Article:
Unleash your inner Beatle with this guitar stand.
When cutting the timbers, rather make them longer than shorter: you will be trimming and shaping them and a little more in terms of offcuts is better than cutting the pieces and discovering they are too short – in which case you would probably have to discard them and start again.
- SA pine – 1x 1.8m length – 144x12mm; meranti – 2 lengths of 1.8m – 144x12mm.
- Nylon strap – 500mm
- Four 40mm mirror screws
- One pair 75mm solid brass hinges
- Wood glue
- Finish of your choice – I used a gloss polyurethane sealer.
- The contrast in the wood’s colour and grain will be brought out even more when the sealer is applied.
- You want the stand to lean backwards slightly so that the guitar would be canted back a little to move its centre of gravity back and so gave the stand a 15° slant backwards. Use a bevel to fix the angle.
- I transferred the angle to the timber.
- With the first two pieces cut I did a dry fit with the guitar.
- Once satisfied, I marked off and cut the rest of the timbers – there would be two of SA pine and four of meranti.
- This is how they slot together at the junction between the backrest and the foot. The pine in the backrest goes from the top neck-rest to the floor, while the meranti pieces flanking it butt up against the meranti pieces making up the foot.
- Go wild with the glue.
- Make sure all the pieces meet exactly and then clamp them together, as shown here. Note that used here is some 250 micron plastic between the two parts at the 105° join. This will ensure that no matter how much glue oozes out of the join, the two halves can be separated easily when the glue has cured. The reason for clamping the two halves together is to ensure that they are identical in profile.
- This is how the sides looked when the glue had cured.
- A planer was used to smooth and level the rear edges and bottom of each foot.
- Then sand them – this is a preliminary sanding… before assembling the pieces, sand them by hand for a really smooth finish.
- This is how those sides looked when planed and sanded.
- Trim the top to square it off.
- Now to shaping the two pieces. Ensure that the curve where it passes the join was only about 2mm within the join. This is to ensure that the joint between backrest and foot remains as strong as possible – not that it will be taking a massive weight, but rather stronger than weaker.
- With the curves marked off, cut the first side. Note that we cut as little of the foot away as possible, but made the backrest quite slender. This is to ensure that the foot would be as heavy as possible and the backrest as light as possible (commensurate with strength, of course) for greater stability.
- This shows the final shape. Use the first side as a template for the second, but when you cut the second, cut ON THE LINE, not outside of it as one normally does. This is because the line is already on the outer edge of the first shape. Save those offcuts!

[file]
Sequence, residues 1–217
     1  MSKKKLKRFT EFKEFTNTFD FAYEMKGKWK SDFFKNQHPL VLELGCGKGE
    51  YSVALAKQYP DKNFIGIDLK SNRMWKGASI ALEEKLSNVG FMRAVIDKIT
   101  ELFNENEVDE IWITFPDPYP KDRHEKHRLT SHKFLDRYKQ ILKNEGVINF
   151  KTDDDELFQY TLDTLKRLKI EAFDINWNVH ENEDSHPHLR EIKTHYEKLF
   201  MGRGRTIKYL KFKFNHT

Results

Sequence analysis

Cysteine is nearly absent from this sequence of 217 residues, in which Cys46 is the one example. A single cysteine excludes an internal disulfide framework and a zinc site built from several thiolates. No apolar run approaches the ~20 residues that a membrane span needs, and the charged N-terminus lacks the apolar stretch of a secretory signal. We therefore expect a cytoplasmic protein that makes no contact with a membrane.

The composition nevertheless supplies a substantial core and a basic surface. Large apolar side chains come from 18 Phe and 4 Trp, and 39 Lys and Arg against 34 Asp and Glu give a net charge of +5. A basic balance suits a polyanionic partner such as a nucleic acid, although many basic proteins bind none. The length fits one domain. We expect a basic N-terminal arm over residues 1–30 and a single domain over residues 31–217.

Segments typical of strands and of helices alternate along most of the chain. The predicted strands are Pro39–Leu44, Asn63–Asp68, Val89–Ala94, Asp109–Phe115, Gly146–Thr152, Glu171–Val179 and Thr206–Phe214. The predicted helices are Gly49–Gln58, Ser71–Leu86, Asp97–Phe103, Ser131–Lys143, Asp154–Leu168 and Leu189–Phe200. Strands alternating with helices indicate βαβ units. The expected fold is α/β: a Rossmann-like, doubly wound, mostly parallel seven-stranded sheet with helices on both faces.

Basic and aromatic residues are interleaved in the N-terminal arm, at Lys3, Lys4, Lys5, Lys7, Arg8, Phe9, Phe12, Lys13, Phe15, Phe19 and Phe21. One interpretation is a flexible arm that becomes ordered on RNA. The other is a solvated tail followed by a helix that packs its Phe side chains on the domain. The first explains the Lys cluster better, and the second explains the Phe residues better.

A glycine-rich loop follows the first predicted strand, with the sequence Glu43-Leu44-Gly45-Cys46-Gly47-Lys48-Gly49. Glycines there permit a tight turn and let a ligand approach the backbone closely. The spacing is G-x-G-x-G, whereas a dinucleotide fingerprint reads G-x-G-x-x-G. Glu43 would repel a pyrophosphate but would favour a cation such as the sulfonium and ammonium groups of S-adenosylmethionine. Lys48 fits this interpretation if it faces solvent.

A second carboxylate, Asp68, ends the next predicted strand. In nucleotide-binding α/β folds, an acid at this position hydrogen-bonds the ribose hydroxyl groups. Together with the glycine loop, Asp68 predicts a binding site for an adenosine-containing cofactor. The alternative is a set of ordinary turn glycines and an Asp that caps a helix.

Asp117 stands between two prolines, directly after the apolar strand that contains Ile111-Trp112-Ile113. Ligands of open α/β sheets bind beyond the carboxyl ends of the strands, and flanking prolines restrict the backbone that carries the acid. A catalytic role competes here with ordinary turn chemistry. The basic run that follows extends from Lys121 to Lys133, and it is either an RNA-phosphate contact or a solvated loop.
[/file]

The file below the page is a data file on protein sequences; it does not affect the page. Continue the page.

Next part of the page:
- Clamp the shaped sides together and use a sander and drum sander on a drill to match them up and clean up the profile. Then I used a router with a rounding-off bit to round off the leading edges of each side.
- Now for two of those offcuts… Match them up by sanding them and then round off their top outer curved edge just as the rounded off the leading edges of both sides. Then glue one each to the outside lower surface of each foot. The reason for doing this? Simple… it adds a little weight to each foot and also increases their apparent width when open. Both these factors improve the stand’s stability.
- Fit the hinges about 50mm or so from the top of the neck rest and from the bottom of the foot, using a chisel to cut the recesses for each leaf. Note that both sides are clamped in position to ensure that the hinges fit properly on both. After this give all the surfaces a final sanding with 220 grit sand paper and then applied three coats of the finish, lightly sanding after the first and second coats.
- Use a short length of nylon strap secured with mirror screws to support the guitar’s neck.
- Set the ideal spread of the two halves of the unit with more nylon strap, secured with mirror screws. The beauty of using a strap like this is that should you buy another guitar and it has a different width, adapting the stand to fit is a simple job.
The completed stand is sturdy and stable, and folds when not in use – a serendipitous benefit that comes from using hinges to join the two halves.
These materials are available at Selected Mica Stores. To find out which is your closest Mica and whether or not they stock the items required, please go to www.mica.co.za, find your store and call them. If your local Mica does not stock exactly what you need they will be able to order it for you or suggest an alternative product or a reputable source.
TIME: Three days
Circular cut-off saw, jigsaw, cordless drill/driver, sander, router, planer, 20mm chisel and wooden mallet; craft knife.